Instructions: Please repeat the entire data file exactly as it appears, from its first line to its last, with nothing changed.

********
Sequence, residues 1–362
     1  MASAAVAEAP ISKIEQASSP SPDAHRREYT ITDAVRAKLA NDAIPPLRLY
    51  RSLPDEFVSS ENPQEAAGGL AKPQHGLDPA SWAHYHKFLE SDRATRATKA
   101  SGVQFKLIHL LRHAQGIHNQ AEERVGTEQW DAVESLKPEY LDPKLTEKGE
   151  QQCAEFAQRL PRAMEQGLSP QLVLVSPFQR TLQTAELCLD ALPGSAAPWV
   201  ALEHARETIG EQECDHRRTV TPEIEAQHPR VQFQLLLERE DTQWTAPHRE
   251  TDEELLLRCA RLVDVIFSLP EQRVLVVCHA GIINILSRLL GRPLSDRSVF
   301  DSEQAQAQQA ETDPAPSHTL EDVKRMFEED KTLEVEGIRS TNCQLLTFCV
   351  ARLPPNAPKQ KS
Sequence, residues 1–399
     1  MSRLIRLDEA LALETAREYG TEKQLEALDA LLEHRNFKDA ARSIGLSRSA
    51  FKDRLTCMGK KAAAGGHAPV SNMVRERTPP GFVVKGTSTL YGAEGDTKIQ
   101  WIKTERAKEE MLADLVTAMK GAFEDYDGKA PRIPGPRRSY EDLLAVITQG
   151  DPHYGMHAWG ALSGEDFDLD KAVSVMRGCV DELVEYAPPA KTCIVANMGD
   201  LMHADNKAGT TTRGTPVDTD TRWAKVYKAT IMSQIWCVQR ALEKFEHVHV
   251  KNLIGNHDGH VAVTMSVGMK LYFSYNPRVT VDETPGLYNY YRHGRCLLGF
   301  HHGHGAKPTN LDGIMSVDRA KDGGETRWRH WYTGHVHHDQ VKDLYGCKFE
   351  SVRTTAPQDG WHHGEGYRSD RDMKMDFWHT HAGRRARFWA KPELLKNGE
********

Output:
Sequence, residues 1–362
     1  MASAAVAEAP ISKIEQASSP SPDAHRREYT ITDAVRAKLA NDAIPPLRLY
    51  RSLPDEFVSS ENPQEAAGGL AKPQHGLDPA SWAHYHKFLE SDRATRATKA
   101  SGVQFKLIHL LRHAQGIHNQ AEERVGTEQW DAVESLKPEY LDPKLTEKGE
   151  QQCAEFAQRL PRAMEQGLSP QLVLVSPFQR TLQTAELCLD ALPGSAAPWV
   201  ALEHARETIG EQECDHRRTV TPEIEAQHPR VQFQLLLERE DTQWTAPHRE
   251  TDEELLLRCA RLVDVIFSLP EQRVLVVCHA GIINILSRLL GRPLSDRSVF
   301  DSEQAQAQQA ETDPAPSHTL EDVKRMFEED KTLEVEGIRS TNCQLLTFCV
   351  ARLPPNAPKQ KS
Sequence, residues 1–399
     1  MSRLIRLDEA LALETAREYG TEKQLEALDA LLEHRNFKDA ARSIGLSRSA
    51  FKDRLTCMGK KAAAGGHAPV SNMVRERTPP GFVVKGTSTL YGAEGDTKIQ
   101  WIKTERAKEE MLADLVTAMK GAFEDYDGKA PRIPGPRRSY EDLLAVITQG
   151  DPHYGMHAWG ALSGEDFDLD KAVSVMRGCV DELVEYAPPA KTCIVANMGD
   201  LMHADNKAGT TTRGTPVDTD TRWAKVYKAT IMSQIWCVQR ALEKFEHVHV
   251  KNLIGNHDGH VAVTMSVGMK LYFSYNPRVT VDETPGLYNY YRHGRCLLGF
   301  HHGHGAKPTN LDGIMSVDRA KDGGETRWRH WYTGHVHHDQ VKDLYGCKFE
   351  SVRTTAPQDG WHHGEGYRSD RDMKMDFWHT HAGRRARFWA KPELLKNGE